Parenting Mediation: Focus on the Children

Co-parenting can be tricky even in the summer months but fall often presents a series of new challenges. Just as kids are finally settling into their back-to-school routines, the holiday season looms ahead. All the tumult can make for rough sailing, even for parents who thought they had everything worked out. Whether you are just beginning your co-parenting journey and still trying to hammer out an initial parenting agreement, or you have co-parented for years but find that things are no longer working as they once did, mediation can be a valuable resource.

Just signing up for mediation, however, is not always enough. Approaching the process with the right attitude is critical. When parents lock horns, it can be challenging to keep the focus on what is best for their children. The more conflict escalates, the more parents tend to direct their emotions toward each other. Sometimes they even find themselves entrenched into adversarial positions without remembering exactly how they got there. Meanwhile, children can become overwhelmed by the conflict and have trouble making their own voices heard. If your child has become silent and withdrawn or aggressive and contrary, it could be a signal that you need to move to a more child-focused mediation style.

What Is Child-Focused Mediation?

Putting the focus on the children does not mean putting a child in the middle of the conflict. On the contrary, that is often exactly what the child is struggling against. The goal instead is to ensure that the child has a voice and feels secure enough to use that voice.

Divorce destabilizes a family, altering the way each member relates to each other member. Parents struggling to regain their own equilibrium must remember that while their goal is to separate from their former partner, their children have completely different goals. Often what they most want is to be able to spend time with each of their parents and for their parents to get along with each other. Under the best of circumstances, it can be a struggle for a child to adjust. When parents are engaged in constant conflict, It can be overwhelming. Children may feel lost in the fight—essentially abandoned by both parents.

What are Some Child-Focused Techniques?

One technique that can be useful in restoring the focus on the children is for parents to think of themselves as “the firm of Mom and Dad.” This “firm” is essentially a business with one goal: to raise healthy and happy children together. This mindset can help parents treat each other with respect while defusing intense personal emotions.

Child-focused mediators may also do some or all of the following:

  • Provide parents with age-specific information about the impact of parental conflict on children’s emotional health and social development.
  • Refer parents to other sources of information and support regarding child development, such as parenting classes.
  • Engage in brainstorming sessions where parents list all the important facts they can think of about their child, such as personality, age, stage of development, friends, and preferred activities.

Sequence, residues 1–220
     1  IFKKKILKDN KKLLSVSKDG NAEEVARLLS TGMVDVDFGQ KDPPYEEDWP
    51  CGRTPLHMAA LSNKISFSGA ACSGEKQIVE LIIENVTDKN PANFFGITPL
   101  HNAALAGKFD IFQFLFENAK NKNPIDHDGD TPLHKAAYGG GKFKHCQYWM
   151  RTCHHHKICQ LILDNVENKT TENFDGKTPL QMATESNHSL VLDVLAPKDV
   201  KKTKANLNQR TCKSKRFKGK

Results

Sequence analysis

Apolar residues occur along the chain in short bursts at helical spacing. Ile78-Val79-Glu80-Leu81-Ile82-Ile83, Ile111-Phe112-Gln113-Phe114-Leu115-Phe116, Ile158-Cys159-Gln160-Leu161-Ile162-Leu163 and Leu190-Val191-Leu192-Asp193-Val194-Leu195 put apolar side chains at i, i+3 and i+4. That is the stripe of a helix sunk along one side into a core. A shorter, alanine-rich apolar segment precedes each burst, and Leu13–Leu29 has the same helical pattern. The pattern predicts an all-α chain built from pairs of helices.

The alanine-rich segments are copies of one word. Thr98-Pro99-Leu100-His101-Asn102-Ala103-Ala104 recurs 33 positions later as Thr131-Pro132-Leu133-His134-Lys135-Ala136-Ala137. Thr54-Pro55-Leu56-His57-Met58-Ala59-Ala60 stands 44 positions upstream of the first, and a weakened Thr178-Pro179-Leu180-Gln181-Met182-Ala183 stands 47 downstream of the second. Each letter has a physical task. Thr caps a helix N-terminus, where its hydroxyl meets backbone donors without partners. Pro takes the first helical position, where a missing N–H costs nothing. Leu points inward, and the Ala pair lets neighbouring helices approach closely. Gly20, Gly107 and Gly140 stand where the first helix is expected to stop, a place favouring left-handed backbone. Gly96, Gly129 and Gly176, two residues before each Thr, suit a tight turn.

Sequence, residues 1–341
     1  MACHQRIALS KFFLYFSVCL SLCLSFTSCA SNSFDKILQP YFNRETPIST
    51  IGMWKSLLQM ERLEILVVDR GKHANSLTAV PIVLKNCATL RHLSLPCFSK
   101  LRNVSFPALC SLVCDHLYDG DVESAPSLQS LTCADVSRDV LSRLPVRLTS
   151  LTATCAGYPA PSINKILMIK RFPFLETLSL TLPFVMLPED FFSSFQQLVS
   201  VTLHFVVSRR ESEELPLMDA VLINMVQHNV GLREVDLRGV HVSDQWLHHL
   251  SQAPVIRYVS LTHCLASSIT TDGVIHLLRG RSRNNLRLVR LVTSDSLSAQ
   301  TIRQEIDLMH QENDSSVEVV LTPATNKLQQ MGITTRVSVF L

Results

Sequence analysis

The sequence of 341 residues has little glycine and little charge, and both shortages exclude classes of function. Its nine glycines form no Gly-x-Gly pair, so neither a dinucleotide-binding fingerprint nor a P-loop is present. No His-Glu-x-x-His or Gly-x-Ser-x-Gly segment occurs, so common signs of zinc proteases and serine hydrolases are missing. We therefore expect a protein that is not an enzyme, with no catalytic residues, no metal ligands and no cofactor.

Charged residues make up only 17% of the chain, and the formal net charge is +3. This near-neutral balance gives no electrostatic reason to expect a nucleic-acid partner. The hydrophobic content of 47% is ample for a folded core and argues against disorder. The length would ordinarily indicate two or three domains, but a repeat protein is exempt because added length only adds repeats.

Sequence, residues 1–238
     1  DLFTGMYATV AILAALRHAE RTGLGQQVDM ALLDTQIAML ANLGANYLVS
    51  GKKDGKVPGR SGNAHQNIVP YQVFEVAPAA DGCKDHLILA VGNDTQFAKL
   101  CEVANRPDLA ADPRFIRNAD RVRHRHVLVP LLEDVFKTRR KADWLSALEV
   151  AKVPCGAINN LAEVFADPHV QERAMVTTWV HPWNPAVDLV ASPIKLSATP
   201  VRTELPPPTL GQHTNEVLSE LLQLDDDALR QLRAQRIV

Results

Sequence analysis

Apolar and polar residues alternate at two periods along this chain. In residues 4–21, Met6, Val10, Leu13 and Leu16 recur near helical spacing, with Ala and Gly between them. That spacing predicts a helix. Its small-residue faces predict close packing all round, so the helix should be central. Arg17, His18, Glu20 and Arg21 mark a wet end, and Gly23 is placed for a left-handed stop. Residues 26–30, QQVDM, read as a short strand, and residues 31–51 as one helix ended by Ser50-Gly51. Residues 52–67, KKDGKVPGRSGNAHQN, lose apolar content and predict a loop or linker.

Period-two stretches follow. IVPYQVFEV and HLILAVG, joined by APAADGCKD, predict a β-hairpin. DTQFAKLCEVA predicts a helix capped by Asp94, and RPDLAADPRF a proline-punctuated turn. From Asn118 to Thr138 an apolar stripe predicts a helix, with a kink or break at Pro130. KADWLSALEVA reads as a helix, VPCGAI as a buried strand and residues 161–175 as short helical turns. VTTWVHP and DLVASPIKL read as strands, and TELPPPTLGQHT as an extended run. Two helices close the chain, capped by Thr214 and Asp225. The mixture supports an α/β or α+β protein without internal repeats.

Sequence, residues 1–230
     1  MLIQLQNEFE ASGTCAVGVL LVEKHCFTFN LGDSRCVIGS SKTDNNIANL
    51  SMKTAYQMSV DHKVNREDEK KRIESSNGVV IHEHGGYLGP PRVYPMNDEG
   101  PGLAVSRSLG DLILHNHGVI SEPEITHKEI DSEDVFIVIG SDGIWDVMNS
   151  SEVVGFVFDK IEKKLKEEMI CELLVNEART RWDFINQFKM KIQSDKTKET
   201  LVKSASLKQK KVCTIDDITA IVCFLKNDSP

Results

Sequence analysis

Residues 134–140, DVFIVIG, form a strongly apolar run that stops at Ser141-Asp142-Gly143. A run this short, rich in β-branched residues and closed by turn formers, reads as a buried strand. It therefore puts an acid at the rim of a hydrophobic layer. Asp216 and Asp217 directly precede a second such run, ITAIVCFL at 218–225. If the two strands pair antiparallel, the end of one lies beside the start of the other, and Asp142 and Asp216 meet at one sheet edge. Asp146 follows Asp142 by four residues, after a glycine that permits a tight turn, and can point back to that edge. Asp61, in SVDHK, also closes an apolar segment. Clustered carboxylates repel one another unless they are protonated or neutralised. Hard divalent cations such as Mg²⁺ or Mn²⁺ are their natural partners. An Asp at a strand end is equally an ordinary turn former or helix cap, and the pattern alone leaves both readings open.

• Propose alternative ways to manage conflict and discuss how parents can incorporate such approaches into a parenting agreement.
  • Repeatedly bring the focus back to the children whenever parents revert to a confrontational negotiation style.

Should Children be Involved in the Mediation Process?

While some mediators believe that there are situations where it is appropriate to have children participate in mediation sessions, others prefer to keep the process strictly between adults. Whether children are involved in the process or not, however, their feelings are important. The law even requires consideration of the preferences of older children regarding which parent they will live with. But how old is old enough? There is no magical age, but some children are mature enough to form a well-reasoned opinion starting at about 11 or 12. If a child is mature enough, the next question is how much weight to give their input. And most importantly, if your child is not the outspoken type, how can you be sure what they are really thinking and feeling?

Asking a child directly about their preferences is not recommended. It often puts a child in the untenable position of feeling as though they are being forced to choose between parents. Children are often hesitant to say or do anything that can be interpreted as a rejection of either parent. Instead, a child or family therapist can interact with children if necessary. When a therapist meets with a child, the child can be assured that everything they say is confidential. The therapist can ask the child for permission to share certain things with the parents and can help the child find ways to express their needs and wants in ways that feel safe to the child.

Using Neutral Child Experts in Mediation

Parents involved in litigation often hire individual experts to support their own parenting positions. Bringing a mutually selected child development professional into the mediation process, however, is generally much more cost-effective than hiring competing experts. It also allows both parents to use this person as a resource for incorporating aspirational co-parenting language into their agreements. Language can include provisions addressing communication between parents as well as other aspects of parent-child relationships.

For more information about child-focused mediation, see: Keeping the Focus on Children in Parenting Mediation

If you are ready to talk to a parenting mediator, contact us today for an initial consultation.